Less than six hours after its passage by the Republican-controlled state legislature, Michigan Gov. Rick Snyder signed into law this week a measure that, effective immediately, allows candidates to raise unlimited sums of money for super PACs, which can then promptly spend that money supporting those candidates — or attacking their rivals. It also allows consultants to simultaneously work for a campaign and a super PAC at the same time, making a joke of the supposed independence of the two groups. It’s a brazen move for Snyder, who is term-limited out of office in 2018, to so fully embrace the post-Citizens United world dominated by big-money super PACs. Watchdogs warn that the law — which they have described as “Citizens United on steroids”— effectively creates an end-run around the state’s limits on campaign contributions and further obliterates the already-thin line that is supposed to maintain super PAC independence from candidates. That opens the door for the state’s wealthy donors to wield even more influence over the political system.
The move is part of a long-running Republican strategy, rarely matched effectively by Democrats, to tilt the political playing field in a partisan direction. On top of sophisticated gerrymandering, right-to-work laws have smashed the electoral power of unions in states where they’ve been enacted, such as Michigan and Wisconsin, which have tilted right as organized labor has been suppressed. Add to that voter suppression laws targeting minorities, college students, and anybody else suspected of voting Democratic, and Republicans are able to create a field in which majority support of an agenda is not necessarily required.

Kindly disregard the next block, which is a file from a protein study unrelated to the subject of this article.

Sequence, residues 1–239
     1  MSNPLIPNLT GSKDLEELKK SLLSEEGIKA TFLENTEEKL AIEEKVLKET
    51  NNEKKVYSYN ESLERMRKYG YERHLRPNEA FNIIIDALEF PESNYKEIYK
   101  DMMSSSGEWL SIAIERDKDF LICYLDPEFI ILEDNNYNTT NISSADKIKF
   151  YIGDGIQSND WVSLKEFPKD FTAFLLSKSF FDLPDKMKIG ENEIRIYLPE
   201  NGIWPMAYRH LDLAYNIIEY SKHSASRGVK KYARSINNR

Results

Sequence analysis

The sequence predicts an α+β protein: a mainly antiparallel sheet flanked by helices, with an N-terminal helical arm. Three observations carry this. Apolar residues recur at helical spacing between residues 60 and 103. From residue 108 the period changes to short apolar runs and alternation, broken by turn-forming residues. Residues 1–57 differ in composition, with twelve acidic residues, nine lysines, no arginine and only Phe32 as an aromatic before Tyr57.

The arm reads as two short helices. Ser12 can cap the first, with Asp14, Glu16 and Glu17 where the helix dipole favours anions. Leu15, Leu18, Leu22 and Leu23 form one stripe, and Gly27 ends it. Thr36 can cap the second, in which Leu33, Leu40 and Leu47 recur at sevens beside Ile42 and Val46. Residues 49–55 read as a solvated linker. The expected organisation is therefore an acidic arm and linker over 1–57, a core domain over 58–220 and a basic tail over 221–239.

By winning at the state level and enacting laws that benefit the party in future elections, state GOP parties have been able to put once blue states in play, which paved the way for Donald Trump’s surprise victory in November.
Full Article: Michigan Governor Unleashes “Citizens United on Steroids”.